WORLD’S MOST CHRISTIAN NATION
China will be the “world’s most Christian nation” in fifteen years, according to a report from the London Sunday Telegraph. While some have speculated that this is already the case. Thus alerting us that although the trend appears obvious, the specifics are less certain.
“It is going to be less than a generation,” Fengaang Yang, a leading expert on religion in China and professor of sociology at Purdue University, confided to the newspaper. “Not many people are prepared for this dramatic change.” Or its wide range of implications.
Officially, the People’s Republic of China is still an atheist country. Although official churches are allowed to meet, and there is a rapidly growing underground movement. “Mao thought he could eliminate religion,” Yang allows. “He thought he had accomplished this. It’s ironic—they didn’t. They actually failed completely.”
“This is what the eternal God does,” one respondent observed. “Britain and Europe are in the decline line. So the power of God is moving towards the seeking people. Praise the Lord!” While seemingly more resilient than Western Europe in particular, the United States also seems to be in general decline.
Allowing for the growth of Christianity in China, persecution continues. For instance, a large church building was recently demolished. Given the explanation that the structure was too obvious, and for that reason, offensive. Persons are also imprisoned, and pastors singled out for abuse.
This recalls a time when our adult Sunday School class was visited by a missionary. At the question and answer time, I inquired whether he had any suggestion for our church. While drawing upon his experience overseas. He paused for a moment, apparently having not been questioned in this regard. He then suggested that perhaps persecution would serve to disperse the Christians who are reluctant to take on the great commission—to disciple all nations.
I more recently came across certain Chinese Christians’ use of the traditional expression “Next year, Jerusalem!” While previously employed concerning aliyah, the Jewish return to the Holy Land, these Christians implied sharing the gospel with those they would meet along the way.
When a certain pastor was cautioned that they would be persecuted in doing so, he allowed that the persecution that had already been experienced would serve as a preparation. So while the cost might be great, he thought the results would be greater.
Several related thoughts come to mind. (1) While our country needs God, God does not need our country. We have been abundantly blessed over the years, but cannot afford to take this for granted. Even now, there is ample reason for concern.
(2) God does not show favoritism. Consequently, “But may all who seek you rejoice and be glad in you; may those who love your salvation always say, ‘Let God be exalted’” (Psa. 70:4). Regardless of ethnic background, or previous circumstances.
(3) As we were recently reminded by the World Day of Prayer, prayer plays a critical role in fostering Christian piety, and engaging in service. As expressed with the routine of life, in keeping with the mystery of the ordinary. While not to the exclusion of more remarkable results. For instance, I sometimes feel impressed for no obvious reason to pray for someone, and then to discover that they were encountering some difficulty at the time.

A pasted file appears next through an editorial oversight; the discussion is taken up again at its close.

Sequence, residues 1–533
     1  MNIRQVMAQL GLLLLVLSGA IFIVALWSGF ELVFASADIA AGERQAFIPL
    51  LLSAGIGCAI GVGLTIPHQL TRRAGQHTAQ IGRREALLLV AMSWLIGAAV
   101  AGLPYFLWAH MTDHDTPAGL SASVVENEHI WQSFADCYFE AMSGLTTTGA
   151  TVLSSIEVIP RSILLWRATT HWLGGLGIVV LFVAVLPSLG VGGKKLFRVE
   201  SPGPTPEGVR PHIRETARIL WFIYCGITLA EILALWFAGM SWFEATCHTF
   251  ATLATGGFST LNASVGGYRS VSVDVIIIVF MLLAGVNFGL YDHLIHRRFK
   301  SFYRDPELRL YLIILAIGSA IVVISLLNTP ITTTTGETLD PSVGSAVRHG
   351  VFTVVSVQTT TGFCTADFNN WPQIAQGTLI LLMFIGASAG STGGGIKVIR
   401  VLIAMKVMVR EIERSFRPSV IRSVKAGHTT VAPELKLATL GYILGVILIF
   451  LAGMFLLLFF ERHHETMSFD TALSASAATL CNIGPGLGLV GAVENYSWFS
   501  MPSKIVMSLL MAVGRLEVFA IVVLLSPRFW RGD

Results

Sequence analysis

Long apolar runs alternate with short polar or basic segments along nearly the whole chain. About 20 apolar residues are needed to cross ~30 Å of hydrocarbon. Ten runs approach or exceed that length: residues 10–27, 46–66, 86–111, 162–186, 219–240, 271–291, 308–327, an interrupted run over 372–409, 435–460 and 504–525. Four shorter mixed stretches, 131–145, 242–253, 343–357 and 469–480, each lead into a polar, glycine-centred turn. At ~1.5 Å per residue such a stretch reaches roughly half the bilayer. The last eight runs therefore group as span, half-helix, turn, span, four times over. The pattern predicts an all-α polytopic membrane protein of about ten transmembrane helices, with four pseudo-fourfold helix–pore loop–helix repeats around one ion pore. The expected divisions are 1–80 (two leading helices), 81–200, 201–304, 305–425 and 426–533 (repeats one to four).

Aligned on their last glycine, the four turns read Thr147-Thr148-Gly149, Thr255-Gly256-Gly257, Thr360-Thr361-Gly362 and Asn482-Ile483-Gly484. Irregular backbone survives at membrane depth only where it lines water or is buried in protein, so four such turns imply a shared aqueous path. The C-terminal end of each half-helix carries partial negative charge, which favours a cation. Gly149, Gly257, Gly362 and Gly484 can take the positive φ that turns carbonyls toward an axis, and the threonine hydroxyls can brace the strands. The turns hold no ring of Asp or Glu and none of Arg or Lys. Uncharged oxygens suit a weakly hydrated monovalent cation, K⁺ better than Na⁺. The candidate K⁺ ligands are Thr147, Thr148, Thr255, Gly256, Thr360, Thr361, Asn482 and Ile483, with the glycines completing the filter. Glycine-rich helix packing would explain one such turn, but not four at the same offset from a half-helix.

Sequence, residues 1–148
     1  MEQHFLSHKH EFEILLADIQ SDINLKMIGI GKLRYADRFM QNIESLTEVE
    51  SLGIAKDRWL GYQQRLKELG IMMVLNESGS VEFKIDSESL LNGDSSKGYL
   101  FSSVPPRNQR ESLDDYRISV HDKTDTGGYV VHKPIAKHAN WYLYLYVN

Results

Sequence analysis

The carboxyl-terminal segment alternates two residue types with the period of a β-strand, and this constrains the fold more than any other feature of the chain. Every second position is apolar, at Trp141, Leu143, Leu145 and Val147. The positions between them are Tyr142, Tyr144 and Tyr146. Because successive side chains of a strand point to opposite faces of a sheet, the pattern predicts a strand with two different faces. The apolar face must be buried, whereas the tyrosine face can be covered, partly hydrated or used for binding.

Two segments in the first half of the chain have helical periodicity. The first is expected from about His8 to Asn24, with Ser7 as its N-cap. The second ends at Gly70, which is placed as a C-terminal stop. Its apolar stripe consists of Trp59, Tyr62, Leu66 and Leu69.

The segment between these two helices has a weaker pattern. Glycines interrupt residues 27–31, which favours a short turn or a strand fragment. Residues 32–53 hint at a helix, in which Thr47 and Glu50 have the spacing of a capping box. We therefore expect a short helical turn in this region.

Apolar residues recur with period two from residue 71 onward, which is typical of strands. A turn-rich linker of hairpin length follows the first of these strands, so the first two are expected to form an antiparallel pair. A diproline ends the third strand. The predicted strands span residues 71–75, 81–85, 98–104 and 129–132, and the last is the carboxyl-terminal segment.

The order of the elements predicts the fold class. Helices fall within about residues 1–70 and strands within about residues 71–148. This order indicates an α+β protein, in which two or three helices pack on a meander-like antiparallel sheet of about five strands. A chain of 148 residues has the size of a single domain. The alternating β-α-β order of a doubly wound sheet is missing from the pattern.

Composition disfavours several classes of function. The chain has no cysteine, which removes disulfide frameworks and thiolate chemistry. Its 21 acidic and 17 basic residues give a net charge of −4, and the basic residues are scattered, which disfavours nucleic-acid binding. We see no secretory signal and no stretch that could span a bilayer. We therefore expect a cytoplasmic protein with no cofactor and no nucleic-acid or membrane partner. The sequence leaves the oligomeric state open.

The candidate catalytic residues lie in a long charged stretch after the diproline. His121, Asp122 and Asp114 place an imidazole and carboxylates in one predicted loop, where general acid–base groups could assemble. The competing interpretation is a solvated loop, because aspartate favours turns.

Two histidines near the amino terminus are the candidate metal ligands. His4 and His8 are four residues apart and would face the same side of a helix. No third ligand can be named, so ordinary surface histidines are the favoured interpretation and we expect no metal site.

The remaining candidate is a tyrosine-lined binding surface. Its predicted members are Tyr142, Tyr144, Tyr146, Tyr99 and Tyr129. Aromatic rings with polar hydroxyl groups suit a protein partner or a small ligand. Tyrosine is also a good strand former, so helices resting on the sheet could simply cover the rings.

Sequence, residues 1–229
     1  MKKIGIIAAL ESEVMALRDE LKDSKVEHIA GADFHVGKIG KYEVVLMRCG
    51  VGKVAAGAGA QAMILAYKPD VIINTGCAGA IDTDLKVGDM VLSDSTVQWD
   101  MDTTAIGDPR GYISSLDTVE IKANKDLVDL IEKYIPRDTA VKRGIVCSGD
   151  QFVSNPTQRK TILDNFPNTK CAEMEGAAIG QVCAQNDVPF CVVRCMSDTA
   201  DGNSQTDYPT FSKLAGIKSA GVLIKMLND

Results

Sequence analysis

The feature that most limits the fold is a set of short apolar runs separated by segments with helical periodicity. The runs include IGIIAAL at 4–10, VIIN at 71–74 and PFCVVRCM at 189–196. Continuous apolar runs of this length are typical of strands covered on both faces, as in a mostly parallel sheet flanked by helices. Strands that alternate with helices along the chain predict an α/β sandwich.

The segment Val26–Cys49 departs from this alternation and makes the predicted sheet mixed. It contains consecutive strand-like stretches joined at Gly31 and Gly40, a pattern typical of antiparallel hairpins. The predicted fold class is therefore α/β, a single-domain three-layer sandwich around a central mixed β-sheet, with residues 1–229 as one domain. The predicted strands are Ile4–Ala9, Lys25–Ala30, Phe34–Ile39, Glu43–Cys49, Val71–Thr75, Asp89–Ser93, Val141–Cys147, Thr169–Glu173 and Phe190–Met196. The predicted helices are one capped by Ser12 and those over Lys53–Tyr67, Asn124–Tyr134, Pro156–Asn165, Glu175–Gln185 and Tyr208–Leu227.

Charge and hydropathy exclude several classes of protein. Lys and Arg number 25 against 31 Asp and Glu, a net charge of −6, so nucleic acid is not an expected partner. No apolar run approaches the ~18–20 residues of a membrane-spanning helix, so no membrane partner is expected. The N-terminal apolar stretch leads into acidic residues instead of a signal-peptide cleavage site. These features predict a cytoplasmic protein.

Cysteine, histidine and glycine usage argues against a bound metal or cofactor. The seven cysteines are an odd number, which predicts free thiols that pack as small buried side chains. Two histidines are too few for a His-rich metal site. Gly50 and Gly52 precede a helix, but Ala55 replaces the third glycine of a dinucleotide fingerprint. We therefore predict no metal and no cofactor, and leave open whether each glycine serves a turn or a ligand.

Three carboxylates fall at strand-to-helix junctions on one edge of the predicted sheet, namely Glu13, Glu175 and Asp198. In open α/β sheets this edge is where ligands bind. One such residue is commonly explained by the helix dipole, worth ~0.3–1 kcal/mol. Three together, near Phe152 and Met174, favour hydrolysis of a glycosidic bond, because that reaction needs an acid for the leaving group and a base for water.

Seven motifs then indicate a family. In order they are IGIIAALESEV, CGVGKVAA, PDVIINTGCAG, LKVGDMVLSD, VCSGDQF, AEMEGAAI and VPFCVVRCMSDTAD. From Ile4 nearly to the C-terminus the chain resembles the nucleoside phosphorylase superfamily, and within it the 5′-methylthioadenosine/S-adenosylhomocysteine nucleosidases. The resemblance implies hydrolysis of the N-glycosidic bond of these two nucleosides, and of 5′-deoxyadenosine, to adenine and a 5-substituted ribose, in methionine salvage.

(4) Prayer, however, does not rule out otherwise appropriate activity. Such as is related to sharing the gospel with others, and as validated by a holistic ministry—that addresses the wide range of human needs. Thus giving witness by both word and deed.
(5) “Do not conform any longer to the pattern of the world, but be transformed by the renewing of your mind” (Rom. 12:2). Setting aside the prior inclination to conform to cultural expectations, and charting a new course. “Then you will be able to test and approve what God’s will is—his good, pleasing and perfect will.”
(6) Thus are we reminded that the criteria for the most Christian nation pertains not simply to the numbers of professing Christians, but the quality they exhibit. Which recalls a time when my wife and I returned from a relatively short term overseas assignment. One of our church members inquired whether it seemed good to get back to a big church. When I allowed that the church we were attending was not small, he then asked: “But were they genuinely Christians?”
“That did not occur to me,” I admitted. “What did cross my mind was whether we qualify.” Since their zeal appeared much more manifest than ours.
(7) “Declare his glory among the nations,” the psalmist enjoins, “his marvelous deeds among all peoples” (96:3). Then to welcome its occasion, as with the prospect for China. Likewise, as a precedent for ourselves.
All things considered, I recall an occasion when a Chinese government official invited me to teach at one of their universities. I was taken back by this, given the atheistic orientation of their educational system, and reminded her that I taught theology. She allowed that this was acceptable, if designated as western philosophy. “Of course,” she added, “we would not allow you to teach our children.” Since they were perceived as being more impressionable.
So let us uphold the emerging Chinese church in prayer, along with those it may influence. While not complacent with our own situation, but setting the course for spiritual revival. Amen.
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